Addictive substances are chemicals or materials that can create physical and/or psychological dependencies. The U.S. government classifies these substances according to their potential for addiction and medical uses. Certain of them are strictly illegal to use, but others can be used under medical supervision. Some addictive substances that can be legally sold over-the-counter are caffeine, nicotine, alcohol, inhalants, cough medications, and certain psychotropic herbs. Common substances with medical uses that are illegal to use without a doctor’s prescription include cocaine, narcotic painkillers such as hydrocodone and oxycodone, barbiturates and benzodiazepines. Heroin and certain hallucinogens have no medical uses and are illegal to use at all. Marijuana is currently classified this way by the federal government, although some states have legalized marijuana for medical use and four states have now also legalized it for recreational use.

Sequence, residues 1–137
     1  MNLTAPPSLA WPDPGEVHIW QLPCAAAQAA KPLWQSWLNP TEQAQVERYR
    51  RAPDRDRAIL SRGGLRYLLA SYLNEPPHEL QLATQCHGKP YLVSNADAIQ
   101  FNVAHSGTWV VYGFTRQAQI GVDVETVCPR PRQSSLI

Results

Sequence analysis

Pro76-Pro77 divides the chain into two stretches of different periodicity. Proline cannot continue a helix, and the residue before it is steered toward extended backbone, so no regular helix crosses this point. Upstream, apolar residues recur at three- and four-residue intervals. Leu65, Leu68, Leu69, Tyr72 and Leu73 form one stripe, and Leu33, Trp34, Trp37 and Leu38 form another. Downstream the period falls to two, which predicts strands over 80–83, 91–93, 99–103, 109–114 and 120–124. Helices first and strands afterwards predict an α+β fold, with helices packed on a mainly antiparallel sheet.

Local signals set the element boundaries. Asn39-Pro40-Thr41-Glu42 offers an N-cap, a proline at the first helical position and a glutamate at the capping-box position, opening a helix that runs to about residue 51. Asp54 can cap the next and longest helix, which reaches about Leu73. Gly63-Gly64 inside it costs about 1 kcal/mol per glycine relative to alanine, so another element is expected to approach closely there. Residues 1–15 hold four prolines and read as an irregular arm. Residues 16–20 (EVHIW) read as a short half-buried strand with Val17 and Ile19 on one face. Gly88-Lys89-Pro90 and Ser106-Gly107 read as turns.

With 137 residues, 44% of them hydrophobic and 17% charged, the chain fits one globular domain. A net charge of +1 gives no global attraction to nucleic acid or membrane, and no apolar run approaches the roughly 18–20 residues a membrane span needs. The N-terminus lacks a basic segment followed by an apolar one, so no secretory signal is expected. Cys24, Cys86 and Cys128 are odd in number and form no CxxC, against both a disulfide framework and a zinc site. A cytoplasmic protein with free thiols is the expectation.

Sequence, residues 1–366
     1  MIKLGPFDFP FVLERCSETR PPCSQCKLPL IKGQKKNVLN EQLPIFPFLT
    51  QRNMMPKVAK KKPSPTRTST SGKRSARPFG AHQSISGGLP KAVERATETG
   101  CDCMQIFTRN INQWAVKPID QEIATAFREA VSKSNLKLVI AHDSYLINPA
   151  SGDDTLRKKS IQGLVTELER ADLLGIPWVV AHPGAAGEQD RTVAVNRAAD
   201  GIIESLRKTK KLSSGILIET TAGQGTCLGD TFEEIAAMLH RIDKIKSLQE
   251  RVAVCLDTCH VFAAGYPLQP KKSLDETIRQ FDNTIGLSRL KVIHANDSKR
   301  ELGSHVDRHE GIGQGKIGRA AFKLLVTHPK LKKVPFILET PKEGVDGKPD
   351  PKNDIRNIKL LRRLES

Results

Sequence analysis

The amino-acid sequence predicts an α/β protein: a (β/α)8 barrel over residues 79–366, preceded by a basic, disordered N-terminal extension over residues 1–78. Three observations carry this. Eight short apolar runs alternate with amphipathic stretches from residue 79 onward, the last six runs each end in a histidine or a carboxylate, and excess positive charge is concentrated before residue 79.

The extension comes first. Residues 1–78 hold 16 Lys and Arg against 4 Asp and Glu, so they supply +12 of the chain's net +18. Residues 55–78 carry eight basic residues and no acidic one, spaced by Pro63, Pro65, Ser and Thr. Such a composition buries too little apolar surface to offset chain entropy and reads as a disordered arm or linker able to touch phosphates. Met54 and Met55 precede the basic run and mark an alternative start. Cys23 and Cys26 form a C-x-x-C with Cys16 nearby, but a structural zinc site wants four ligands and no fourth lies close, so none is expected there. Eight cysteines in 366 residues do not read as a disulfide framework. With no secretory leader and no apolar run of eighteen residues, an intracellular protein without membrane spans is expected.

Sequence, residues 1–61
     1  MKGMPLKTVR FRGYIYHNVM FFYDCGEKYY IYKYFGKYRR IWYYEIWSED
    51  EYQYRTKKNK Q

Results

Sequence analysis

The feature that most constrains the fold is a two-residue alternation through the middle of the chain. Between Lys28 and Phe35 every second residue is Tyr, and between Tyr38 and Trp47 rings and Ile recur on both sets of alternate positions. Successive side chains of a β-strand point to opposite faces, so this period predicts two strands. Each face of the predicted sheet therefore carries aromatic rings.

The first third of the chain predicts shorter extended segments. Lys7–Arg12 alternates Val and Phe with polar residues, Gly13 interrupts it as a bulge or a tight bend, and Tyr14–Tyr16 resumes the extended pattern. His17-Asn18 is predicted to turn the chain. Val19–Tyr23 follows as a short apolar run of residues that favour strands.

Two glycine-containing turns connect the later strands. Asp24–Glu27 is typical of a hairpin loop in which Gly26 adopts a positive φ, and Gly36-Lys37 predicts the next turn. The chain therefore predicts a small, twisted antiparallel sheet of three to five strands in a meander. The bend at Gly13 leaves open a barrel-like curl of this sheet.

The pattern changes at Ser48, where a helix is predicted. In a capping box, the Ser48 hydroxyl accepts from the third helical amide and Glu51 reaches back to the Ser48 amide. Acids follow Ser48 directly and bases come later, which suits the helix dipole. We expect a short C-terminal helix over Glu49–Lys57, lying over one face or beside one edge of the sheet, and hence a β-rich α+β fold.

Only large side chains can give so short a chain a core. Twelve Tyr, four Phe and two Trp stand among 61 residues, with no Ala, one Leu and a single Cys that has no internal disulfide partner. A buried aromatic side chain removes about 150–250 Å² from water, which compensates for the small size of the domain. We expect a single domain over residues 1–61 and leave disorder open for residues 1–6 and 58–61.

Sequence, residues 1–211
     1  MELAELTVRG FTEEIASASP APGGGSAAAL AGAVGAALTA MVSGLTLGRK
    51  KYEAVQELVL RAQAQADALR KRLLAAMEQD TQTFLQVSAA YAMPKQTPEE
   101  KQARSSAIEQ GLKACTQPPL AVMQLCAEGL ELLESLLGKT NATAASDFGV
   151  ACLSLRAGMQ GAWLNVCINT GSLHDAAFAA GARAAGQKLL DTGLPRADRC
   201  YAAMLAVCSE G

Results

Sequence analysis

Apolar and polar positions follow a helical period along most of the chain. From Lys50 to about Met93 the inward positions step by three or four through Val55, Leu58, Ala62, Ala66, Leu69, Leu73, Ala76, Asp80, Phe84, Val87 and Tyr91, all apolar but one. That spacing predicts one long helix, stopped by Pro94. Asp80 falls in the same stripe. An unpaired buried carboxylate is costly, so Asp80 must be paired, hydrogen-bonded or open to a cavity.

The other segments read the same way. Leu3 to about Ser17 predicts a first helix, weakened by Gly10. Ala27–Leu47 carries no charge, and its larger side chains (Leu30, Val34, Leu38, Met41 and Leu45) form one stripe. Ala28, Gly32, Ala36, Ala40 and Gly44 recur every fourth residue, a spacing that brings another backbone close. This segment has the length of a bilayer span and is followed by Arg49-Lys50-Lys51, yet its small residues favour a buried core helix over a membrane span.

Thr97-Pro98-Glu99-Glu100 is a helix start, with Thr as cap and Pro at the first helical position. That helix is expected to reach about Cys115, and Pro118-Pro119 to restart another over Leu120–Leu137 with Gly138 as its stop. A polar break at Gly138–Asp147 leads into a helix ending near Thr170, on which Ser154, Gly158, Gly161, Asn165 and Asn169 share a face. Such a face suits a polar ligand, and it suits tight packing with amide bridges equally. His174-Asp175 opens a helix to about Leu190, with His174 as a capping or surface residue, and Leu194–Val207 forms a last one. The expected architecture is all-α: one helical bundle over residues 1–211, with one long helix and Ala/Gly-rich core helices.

A person using an “addictive substance” can develop what doctors call “substance abuse disorder” or “substance dependency.” The difference between the two disorders is that those “dependent” on substances go through physical withdrawal syndromes when they quit. Even if they do not have to undergo physical withdrawal syndromes, people can find it hard to overcome psychological dependencies on substances. For example, ketamine and LSD are drugs that do not produce physical withdrawal symptoms when you quit using them. However, people can become so involved in a lifestyle that involves clubbing and using hallucinogens or so overly fascinated by altered states of consciousness that it becomes difficult for them to quit without professional help.